Harry Krische was next to show with the intriguing title “Plagiarism, Forgery and some conscience”.  This was a small display of four cards which originated with a 1917 Christmas postcard from Knockaloe Internment Camp on the Isle of Man.  The card was designed by F. Nettel which was clearly stated on the front and he also showed the reverse postmarked in December 1917.  However, he then went on to show an almost identical card used at Bando in Japan with the inscription Weihnacht 1918 - clearly a copycat version.  He also showed another variant printed in violet used on 19 December 1918 also from Bando but with the name difficult to make out and a further copy in black with Bando erased more effectively this time - had someone tried to erase it from the printing block?  He is also intrigued to know how a Christmas card designed and printed in Knockaloe in 1917 came to Japan the following year and, with a few variations, was almost identical in design.

Then it was over to Karl Winkelmann with his display of WW2 material connected to Northern Ireland - RAF, Royal Navy and US Army.  He started with a well travelled cover from 1678 Conversion Unit RAF which bore a redirection label (RAF Form 1674) from Sligo dated 13 NOV 43 a much redirected cover; then a cover posted from Freemount, Co Cork to the US Army in Northern Ireland also redirected several times.  He then showed a cover from the US in 1942 addressed to HMS Ferret which was a Stone Frigate at Londonderry (i.e. shore base).  At that time some 400 American technicians were transferred to HMS Ferret and arrived on 3 June 1941, but they worked as civilians because the US were not at that stage at war.  He also showed a telegram from April 1944 addressed to a member of the WRNS at Bangor and a couple of covers from the military in Northern Ireland and also a blue RAF privilege envelope from a member of the WRAF at RAF Ballyhalbert, Co Down and addressed to US APO 562; a couple of covers with RAF Base Censor No 1 cachets and a Red Cross cover to Belfast from US APO 413 at Warrenpoint.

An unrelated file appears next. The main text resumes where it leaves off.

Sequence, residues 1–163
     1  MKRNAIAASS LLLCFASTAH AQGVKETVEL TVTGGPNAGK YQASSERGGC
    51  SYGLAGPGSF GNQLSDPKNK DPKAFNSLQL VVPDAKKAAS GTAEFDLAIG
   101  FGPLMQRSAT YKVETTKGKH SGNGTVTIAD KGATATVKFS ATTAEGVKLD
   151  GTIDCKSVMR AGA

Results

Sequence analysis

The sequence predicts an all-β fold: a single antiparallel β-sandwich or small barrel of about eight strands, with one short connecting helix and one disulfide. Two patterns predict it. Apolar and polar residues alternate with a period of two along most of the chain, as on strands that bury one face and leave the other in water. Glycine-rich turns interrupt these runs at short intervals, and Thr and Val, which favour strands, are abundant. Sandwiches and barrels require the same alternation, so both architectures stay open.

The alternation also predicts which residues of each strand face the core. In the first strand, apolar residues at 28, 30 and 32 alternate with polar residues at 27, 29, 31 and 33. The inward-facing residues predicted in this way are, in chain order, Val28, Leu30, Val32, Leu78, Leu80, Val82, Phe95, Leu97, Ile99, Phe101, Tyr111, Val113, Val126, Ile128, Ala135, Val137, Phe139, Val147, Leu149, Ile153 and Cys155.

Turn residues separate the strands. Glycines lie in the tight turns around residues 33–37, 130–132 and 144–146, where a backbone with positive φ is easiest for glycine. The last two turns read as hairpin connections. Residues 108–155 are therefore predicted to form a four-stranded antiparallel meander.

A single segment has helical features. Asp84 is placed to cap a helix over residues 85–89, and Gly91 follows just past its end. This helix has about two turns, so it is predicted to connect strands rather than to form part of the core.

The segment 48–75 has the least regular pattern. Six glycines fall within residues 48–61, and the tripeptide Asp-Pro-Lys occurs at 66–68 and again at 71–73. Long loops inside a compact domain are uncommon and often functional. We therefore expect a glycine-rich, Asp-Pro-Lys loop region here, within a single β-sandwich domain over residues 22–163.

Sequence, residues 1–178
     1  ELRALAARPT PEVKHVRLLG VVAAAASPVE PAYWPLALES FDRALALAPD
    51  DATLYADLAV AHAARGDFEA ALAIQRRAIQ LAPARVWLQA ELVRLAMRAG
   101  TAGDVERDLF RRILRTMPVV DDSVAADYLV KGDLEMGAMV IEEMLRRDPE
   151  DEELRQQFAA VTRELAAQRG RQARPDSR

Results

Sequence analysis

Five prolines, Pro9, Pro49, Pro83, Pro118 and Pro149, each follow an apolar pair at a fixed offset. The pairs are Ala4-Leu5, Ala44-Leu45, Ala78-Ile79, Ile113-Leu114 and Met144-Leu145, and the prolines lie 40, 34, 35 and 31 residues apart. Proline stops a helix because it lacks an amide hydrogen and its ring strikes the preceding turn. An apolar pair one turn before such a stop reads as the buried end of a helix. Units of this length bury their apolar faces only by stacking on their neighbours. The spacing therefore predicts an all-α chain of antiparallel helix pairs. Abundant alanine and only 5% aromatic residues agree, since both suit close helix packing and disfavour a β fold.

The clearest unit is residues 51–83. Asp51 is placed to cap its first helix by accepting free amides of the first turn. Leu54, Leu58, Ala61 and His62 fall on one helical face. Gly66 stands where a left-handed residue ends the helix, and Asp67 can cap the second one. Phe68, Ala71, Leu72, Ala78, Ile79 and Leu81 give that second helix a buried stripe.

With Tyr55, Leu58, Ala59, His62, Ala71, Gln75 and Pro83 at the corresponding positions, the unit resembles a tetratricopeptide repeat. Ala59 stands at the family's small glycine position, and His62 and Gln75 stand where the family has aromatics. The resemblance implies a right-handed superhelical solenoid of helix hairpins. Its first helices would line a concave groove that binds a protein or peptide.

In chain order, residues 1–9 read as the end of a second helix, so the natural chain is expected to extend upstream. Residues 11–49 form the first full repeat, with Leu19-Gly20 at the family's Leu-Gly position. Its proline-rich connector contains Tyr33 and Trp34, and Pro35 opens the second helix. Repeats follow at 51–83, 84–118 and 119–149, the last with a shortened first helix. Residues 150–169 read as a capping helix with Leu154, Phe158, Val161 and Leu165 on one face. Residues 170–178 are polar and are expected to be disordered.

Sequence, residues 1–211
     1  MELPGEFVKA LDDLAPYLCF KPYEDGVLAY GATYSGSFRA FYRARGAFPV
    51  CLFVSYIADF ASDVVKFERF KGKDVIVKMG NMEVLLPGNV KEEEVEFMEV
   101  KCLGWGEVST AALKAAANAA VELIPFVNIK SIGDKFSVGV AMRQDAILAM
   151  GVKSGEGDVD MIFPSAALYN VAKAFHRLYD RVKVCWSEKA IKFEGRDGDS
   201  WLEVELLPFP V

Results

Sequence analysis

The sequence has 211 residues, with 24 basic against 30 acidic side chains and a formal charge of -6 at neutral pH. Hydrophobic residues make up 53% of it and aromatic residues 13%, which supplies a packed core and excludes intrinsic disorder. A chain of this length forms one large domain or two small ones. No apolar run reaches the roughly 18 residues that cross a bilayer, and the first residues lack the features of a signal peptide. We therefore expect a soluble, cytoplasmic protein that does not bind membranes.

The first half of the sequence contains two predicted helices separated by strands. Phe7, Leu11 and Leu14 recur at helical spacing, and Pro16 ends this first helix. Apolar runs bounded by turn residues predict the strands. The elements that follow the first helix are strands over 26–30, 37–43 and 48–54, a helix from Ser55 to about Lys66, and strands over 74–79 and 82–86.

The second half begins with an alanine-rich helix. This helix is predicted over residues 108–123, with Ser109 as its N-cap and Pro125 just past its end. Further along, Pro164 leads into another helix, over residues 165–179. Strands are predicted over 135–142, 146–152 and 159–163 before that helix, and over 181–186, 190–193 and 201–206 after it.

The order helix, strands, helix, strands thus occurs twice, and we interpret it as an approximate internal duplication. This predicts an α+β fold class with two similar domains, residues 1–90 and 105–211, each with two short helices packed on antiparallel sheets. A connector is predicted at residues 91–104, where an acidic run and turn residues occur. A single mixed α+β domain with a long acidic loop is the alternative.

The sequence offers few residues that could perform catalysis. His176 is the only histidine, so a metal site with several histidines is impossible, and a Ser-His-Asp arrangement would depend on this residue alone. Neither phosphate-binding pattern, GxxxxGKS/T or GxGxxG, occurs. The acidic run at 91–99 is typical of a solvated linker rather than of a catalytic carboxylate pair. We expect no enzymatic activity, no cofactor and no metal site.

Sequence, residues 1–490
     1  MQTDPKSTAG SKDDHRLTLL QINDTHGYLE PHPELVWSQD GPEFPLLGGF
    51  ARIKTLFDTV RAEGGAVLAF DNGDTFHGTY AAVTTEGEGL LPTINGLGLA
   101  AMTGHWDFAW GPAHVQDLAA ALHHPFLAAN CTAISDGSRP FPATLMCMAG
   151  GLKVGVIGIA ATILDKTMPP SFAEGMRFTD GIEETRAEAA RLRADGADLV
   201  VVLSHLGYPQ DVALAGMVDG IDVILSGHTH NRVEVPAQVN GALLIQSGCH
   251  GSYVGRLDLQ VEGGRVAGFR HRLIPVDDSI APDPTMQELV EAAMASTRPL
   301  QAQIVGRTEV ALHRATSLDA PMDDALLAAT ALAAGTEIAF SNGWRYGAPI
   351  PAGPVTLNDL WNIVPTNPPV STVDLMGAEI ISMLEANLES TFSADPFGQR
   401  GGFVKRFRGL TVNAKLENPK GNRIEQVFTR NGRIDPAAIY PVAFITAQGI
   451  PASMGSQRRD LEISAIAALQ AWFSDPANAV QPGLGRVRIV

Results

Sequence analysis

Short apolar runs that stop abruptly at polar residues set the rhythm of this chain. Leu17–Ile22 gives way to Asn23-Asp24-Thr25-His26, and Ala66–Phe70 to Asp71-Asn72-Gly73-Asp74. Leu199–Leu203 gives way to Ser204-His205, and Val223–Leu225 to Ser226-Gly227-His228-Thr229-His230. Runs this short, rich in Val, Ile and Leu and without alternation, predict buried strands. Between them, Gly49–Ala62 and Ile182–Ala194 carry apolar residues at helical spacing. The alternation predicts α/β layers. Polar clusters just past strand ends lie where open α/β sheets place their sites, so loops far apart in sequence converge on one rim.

The penultimate display was given by our Editor, Chris Grimshaw, who showed POW mail - Allied (British and Indian) prisoners held by the Turks in WW1.  The POWs were mainly from the battle at Kut Al Amara.  The POWs were held at camps in Turkey which were not in a very good condition, with high death rates.  One such was Kedos Camp and Chris showed a copy of a record form from the camp; there was also a cover from a senior officer held at Yozgad Camp and also a Turkish postal stationery card from the same camp as well as material from other camps.  In presenting his display he had tried to pick out the more interesting covers and postcards.

Last to show was Richard Farman whose display related to Staffordshire - firstly a photo of Lilly Thomas surrounded by returned POWs from Burton on Trent; she was responsible for sending some 5,000 independently and some 20,750 parcels under the Red Cross scheme to POWs during WW1; there were two picture postcards showing Staffordshire Yeomanry loading their horses onto GNR cattle wagons; three newspaper wrappers the “Staffordshire Knott” from India and addressed to the CO of the South Staffordshire Regiment; the “China Dragon” from India (the newspaper of 2nd Battalion, the Prince of Wales’s (North Staffordshire) Regiment and the “Sherwood Foresters Gazette” from the printers office in Bakewell in 1872.  There was also a couple of Sherwood Foresters POW parcel acknowledgement cards sent back to the Regimental Care Committee in 1918 and two postcards associated with the Boer War, one of which depicted a Cpl Taylor, a mining engineer from Chesterfield.  Lastly he showed a “photographs with care” label sent to Kasr-el-Nil Barracks at Cairo, Egypt by book-post from Folkestone in 1896.

You can view the material displayed on our website by opening the following link: Zoom Meeting Display